Calm-Down Corners for Toddlers: Why They Work and How to Make One
Toddlers are complex creatures. They’re mastering new skills, hitting major milestones and learning about life every day. All of this emotional and social development is incredibly exciting, but it can also feel confusing and disorienting for little ones. Suffice to say that it can be difficult for your mini to deal with the tidal wave of emotions that go hand-in-hand with their burgeoning sense of self. The result? Epic temper tantrums (gulp). Toddlers can go from happily pottering about as usual to screaming and stomping in the blink of an eye. The reassuring news is that meltdowns, fits and tantrums are very common and very normal (trust us, the “terrible twos” are real). And while some behavioral issues are par for the course, it’s important to teach kiddos to deal with those big feelings in a healthy way. A calm-down corner can help. This dedicated cool-down space allows children some quiet time to recognize and process new emotions. But what exactly is a calm-down corner, what are the benefits and how can you create one in your home? Read on for expert tips and inspiration.
A calm-down corner—also known as a calming corner or a quiet corner—is a dedicated area that children can enter when emotions are running high. Basically, it’s “a safe space for self-regulation,” says Reena B. Patel, LEP, a parenting expert and educational psychologist in San Diego, California. “[It] helps to facilitate a child’s ability to reset and address the challenge they are dealing with in a structured, safe and consistent manner.”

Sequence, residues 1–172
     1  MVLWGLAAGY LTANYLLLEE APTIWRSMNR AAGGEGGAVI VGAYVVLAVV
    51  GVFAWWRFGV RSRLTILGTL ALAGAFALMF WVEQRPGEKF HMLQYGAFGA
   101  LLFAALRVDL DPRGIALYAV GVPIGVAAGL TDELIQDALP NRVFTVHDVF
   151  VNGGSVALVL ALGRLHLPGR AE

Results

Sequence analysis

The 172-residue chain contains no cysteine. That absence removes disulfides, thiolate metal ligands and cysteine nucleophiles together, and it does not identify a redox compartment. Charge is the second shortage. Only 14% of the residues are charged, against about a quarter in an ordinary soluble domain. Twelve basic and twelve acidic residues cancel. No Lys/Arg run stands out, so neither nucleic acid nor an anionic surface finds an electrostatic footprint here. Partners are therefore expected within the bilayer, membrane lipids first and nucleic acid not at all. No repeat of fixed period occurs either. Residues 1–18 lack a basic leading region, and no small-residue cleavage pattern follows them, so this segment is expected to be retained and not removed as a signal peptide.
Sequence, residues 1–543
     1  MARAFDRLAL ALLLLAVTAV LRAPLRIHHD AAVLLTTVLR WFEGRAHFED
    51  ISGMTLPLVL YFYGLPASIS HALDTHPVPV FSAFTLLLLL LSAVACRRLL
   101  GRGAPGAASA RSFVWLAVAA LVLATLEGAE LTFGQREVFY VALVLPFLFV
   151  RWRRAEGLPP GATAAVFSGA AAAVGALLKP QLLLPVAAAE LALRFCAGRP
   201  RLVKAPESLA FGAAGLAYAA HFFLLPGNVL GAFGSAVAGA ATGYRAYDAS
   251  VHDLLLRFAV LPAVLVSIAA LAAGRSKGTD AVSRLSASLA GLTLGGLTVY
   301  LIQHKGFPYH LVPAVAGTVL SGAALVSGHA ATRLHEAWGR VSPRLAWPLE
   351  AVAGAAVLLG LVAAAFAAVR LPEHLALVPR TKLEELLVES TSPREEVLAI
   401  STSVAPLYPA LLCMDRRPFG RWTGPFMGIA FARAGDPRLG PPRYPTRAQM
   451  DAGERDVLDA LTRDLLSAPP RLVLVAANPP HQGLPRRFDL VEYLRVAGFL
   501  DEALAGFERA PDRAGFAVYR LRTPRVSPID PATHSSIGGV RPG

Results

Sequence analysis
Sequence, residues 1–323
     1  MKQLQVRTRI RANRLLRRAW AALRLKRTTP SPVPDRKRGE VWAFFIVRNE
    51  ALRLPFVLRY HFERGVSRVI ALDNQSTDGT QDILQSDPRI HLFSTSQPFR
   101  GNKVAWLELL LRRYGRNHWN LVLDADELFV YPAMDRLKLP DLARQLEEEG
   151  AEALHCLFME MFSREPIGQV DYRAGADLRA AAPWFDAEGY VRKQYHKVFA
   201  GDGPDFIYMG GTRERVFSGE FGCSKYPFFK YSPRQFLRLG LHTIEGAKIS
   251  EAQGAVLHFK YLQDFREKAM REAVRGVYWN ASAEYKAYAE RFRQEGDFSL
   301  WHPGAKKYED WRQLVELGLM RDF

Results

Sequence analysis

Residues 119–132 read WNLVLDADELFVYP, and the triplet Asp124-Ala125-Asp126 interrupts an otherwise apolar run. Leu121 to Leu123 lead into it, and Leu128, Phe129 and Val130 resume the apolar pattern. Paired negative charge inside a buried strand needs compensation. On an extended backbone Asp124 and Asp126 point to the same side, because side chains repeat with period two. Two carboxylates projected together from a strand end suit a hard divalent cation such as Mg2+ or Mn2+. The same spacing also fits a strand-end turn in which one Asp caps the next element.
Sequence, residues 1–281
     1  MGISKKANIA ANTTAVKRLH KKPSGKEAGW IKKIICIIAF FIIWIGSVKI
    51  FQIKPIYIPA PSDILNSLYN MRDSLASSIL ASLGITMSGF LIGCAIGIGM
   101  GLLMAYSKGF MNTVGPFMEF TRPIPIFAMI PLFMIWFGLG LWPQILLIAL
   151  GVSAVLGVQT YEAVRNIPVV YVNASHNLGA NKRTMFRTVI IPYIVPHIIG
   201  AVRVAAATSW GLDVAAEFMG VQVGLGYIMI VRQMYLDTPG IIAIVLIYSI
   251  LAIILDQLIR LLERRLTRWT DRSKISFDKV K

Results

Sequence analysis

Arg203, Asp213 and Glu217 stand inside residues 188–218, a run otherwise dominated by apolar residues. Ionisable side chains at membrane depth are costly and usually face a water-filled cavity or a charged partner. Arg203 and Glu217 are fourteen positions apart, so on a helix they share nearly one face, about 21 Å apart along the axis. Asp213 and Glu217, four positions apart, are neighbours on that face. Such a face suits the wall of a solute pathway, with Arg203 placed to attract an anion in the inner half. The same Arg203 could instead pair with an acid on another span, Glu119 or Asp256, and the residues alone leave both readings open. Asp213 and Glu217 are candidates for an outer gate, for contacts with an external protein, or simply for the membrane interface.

You should be able to see everything that’s happening in your child’s calm-down corner, and safety should be the top priority. What’s more, while a calm-down corner works for many families, it might not be your kiddo’s cup of tea—or it may not particularly jive with your parenting style. Maurice Elias, PhD, the director of Rutgers University Social-Emotional Learning Lab emphasizes that using a calm-down corner is a learning process. Remember, the goal is to help your child get better at regulating their emotions—so don’t be put off if this approach doesn’t work from the get-go.
Ideally, you want to proactively suggest the calm-down corner if and when you think your little one is on the verge of a tantrum caused by anger or frustration; a soothing setting may help diffuse the situation. Warning signs, such as a red face, clenched fists or jumping up and down might tip you off. Elias advises acknowledging these “feeling footprints” so your child can start to identify them too.
Initially, you may need to stay with your toddler in the corner—especially if they’re overwhelmed or distressed. It’s also important to praise your child when they show signs of self-control. “From repeated experiences, kids often value the calm-down corner and will seek it out before getting overly upset,” says Elias. Either way, he stresses that it’s important to position your calm-down corner as a positive place; it shouldn’t be secluded or used as a punishment or time-out.
It’s important to note that this approach is not appropriate for babies; Patel recommends starting your calm-down corner ritual when your child is at least 18 months old. And you should expect to start small. The amount of time your kiddo spends in the calm-down corner will vary based on their age. As a general rule of thumb, begin with one minute; then, check to see if they’d like a little more quiet time.
Although a calm-down corner can be a useful preventative tool, you’ll want to refrain from overusing it. It’s not the answer for every problem, and it should be used in tandem with other tactics, such as verbal nurturing and positive reinforcements (think sticker charts!), says Patel.
A calm-down corner should be set up in a quiet place that’s fully visible and free from distractions. You can add soft furnishings to give it a cozy feel as well as soothing sensory items that promote mindfulness and reflection. Here are some other expert tips to help inspire your own toddler-friendly calming corner at home: